Originally Posted by magillagorilla
I'm in the process of learning to drive a manual trying to make my mind up between step and stick on my 335i order. Unfortunately, Seattle's hills make a stick more of an issue that it otherwise would be. Had a series of stalls on a hill yesterday afternoon that was brutally embarrassing and seemed to last forever. I can still remember the look on the woman's face who was sitting in a different car waiting for me to get up the hill. UGH!
While hill starts and regular driving are getting manageable at this point, I seriously have not been able to get the car in reverse without stalling it. Fear I guess is that I'm going to go flying backwards if I give the car too much gas. I can't modulate the speed properly so I react by not giving the car enough gas, resulting in a stall.
I take it that what I should be doing is only partially letting go of the clutch?
noooo... no one cares if you stall or not, no one knows what you're doing, they're not watching you. forget them. the entire world to you is gas pedal, road, and stick...
Originally Posted by jdink
Ok... So i just got back from my lunch break, which i spent driving around instead of eating and came up with the following observations about driving my new 335 6MT
When I do a slow start if i do not feather the clutch until about 3000 RPM then I get a jerky like motion. If i start faster and keep an adding preasure to the gas at an increasing rate I do not have to feather as much and it is much more smooth. Using this second type of start I reach a much higher RPM and probably eat up a lot more gas.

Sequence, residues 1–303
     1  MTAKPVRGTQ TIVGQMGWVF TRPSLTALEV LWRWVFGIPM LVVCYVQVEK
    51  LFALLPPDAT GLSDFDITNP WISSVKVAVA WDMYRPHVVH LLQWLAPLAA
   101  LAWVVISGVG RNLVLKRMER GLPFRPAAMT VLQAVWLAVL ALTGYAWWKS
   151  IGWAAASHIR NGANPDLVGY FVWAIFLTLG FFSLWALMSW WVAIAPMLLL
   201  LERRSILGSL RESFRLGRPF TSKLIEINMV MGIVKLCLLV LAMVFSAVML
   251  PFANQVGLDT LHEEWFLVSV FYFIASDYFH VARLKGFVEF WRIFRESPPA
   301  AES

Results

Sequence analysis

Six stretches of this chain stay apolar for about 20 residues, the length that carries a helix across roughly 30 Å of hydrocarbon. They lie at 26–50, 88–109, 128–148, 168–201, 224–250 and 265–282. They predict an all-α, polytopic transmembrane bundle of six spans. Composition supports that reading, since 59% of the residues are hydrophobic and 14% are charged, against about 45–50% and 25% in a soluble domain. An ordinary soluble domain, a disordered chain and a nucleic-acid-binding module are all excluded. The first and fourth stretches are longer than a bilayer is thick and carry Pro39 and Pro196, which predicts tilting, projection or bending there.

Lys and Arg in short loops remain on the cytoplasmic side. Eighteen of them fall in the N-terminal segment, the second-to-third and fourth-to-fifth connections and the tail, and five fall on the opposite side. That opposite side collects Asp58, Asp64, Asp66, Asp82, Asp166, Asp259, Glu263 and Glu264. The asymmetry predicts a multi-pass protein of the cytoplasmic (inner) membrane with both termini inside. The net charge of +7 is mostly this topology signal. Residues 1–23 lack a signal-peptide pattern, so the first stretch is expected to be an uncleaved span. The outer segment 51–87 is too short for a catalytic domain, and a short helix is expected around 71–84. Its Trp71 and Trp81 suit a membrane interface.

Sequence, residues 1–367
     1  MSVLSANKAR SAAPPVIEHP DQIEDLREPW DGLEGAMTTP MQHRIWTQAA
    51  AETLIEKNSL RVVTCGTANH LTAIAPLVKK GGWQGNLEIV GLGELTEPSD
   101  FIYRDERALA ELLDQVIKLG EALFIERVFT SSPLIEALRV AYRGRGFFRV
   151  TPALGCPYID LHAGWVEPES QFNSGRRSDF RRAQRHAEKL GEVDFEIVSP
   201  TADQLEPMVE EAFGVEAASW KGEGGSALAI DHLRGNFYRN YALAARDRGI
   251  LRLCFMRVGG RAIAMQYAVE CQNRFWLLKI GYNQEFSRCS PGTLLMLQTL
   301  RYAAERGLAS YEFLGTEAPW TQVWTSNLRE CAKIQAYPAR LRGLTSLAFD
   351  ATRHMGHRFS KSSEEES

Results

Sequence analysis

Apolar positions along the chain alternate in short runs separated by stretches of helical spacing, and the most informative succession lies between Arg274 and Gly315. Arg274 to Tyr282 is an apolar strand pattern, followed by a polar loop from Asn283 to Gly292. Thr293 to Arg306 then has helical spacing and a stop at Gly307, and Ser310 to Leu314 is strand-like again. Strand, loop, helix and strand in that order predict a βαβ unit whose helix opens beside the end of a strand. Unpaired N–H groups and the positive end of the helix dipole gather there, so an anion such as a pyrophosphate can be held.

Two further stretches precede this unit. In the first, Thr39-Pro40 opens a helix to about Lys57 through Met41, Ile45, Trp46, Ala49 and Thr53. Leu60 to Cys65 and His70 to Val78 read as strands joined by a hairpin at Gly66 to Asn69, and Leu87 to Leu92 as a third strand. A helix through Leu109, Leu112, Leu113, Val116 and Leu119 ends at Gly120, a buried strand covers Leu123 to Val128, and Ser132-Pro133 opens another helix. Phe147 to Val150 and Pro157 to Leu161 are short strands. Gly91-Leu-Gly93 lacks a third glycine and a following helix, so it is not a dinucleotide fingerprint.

Downshifting is very jerky if i do not rev match (the RPM falls off very quickly). In order to get a smooth downshift I can either
a) 1. Press in the clutch 2. rev engine 3. downshift 4. Depress Cluch
b) 1. Press in the cluch 2. shift into neutral 3. rev engine 4. shift into the lower gear 5. depress clutch.
Option a is faster, but is there any benefit do doing option b? (i guess option c would be to do the double clutch, but that seems unnecessary per previous posts)
Another observation is when I come to a stop. Typically i find myself shifting into neutral, holding in the cluch all the way and breaking. I find it to be the smoothest way to come to a stop. Downshifting at low speeds with rev matching while coming to a stop seems counter productive (since you arn't trying to speed up). Also, if suddenly the light turns green before i come to a complete stop, or have just stopped, I shift from neutral into second to start.
Does anyone have a good technique for driving at low speeds? I realized last night when I let my friend drive my car (he drives a m3 so i trusted him) that sitting in the passanger seat is scary as heck, and i can't even imagine what it is like if a) you havent driven with someone before and b) don't trust a cars handling...esp in rainy washington
I guess feathering is a must, but whats a good way to avoid jerky movements in downshifting without rev matching?
sounds like you ditch the clutch too early. patience grasshopper
Originally Posted by BK
EVERYONE. Those who say they fully release their clutch when backing out of a parking space are either lying or have 400 foot driveways.
Interesting thread. I rev match on downshifts, but don't double-clutch. I'm not convinced there is any benefit to it.
LOL i just came back from lunch, and while backing up i wanted to try not riding the clutch. it was 0.5 seconds then i had to go back to the clutch again hahaha
Originally Posted by checuervo
About the engine braking issue, I remember listening to an episode of CarTalk a few years back, where they compared relying on engine braking versus relying on just the brakes. They basically concluded that both were equally good/bad for the car as a whole. So a mix seems the best bet.
I assume when people say "don't rely on engine braking, use your brakes" that you don't suggest pressing the clutch the entire time you brake... right?
brake = to stop car
engine = to make it go